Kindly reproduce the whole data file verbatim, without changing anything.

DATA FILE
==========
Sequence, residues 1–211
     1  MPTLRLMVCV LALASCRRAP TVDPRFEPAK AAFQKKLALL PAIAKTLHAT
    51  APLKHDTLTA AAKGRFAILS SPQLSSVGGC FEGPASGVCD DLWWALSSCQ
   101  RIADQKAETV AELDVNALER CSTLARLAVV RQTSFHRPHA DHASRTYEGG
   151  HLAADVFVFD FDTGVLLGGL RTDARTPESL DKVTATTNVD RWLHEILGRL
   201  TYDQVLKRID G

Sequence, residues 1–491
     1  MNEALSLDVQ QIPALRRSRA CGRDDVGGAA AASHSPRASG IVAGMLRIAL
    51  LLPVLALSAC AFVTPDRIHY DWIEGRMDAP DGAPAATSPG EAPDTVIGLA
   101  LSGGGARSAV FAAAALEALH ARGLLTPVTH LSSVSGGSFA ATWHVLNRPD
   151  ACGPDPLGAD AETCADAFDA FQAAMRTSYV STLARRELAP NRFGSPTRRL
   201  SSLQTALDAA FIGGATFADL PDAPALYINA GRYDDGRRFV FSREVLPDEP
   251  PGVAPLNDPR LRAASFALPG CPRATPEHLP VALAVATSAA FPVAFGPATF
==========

Sequence, residues 1–211
     1  MPTLRLMVCV LALASCRRAP TVDPRFEPAK AAFQKKLALL PAIAKTLHAT
    51  APLKHDTLTA AAKGRFAILS SPQLSSVGGC FEGPASGVCD DLWWALSSCQ
   101  RIADQKAETV AELDVNALER CSTLARLAVV RQTSFHRPHA DHASRTYEGG
   151  HLAADVFVFD FDTGVLLGGL RTDARTPESL DKVTATTNVD RWLHEILGRL
   201  TYDQVLKRID G

Sequence, residues 1–491
     1  MNEALSLDVQ QIPALRRSRA CGRDDVGGAA AASHSPRASG IVAGMLRIAL
    51  LLPVLALSAC AFVTPDRIHY DWIEGRMDAP DGAPAATSPG EAPDTVIGLA
   101  LSGGGARSAV FAAAALEALH ARGLLTPVTH LSSVSGGSFA ATWHVLNRPD
   151  ACGPDPLGAD AETCADAFDA FQAAMRTSYV STLARRELAP NRFGSPTRRL
   201  SSLQTALDAA FIGGATFADL PDAPALYINA GRYDDGRRFV FSREVLPDEP
   251  PGVAPLNDPR LRAASFALPG CPRATPEHLP VALAVATSAA FPVAFGPATF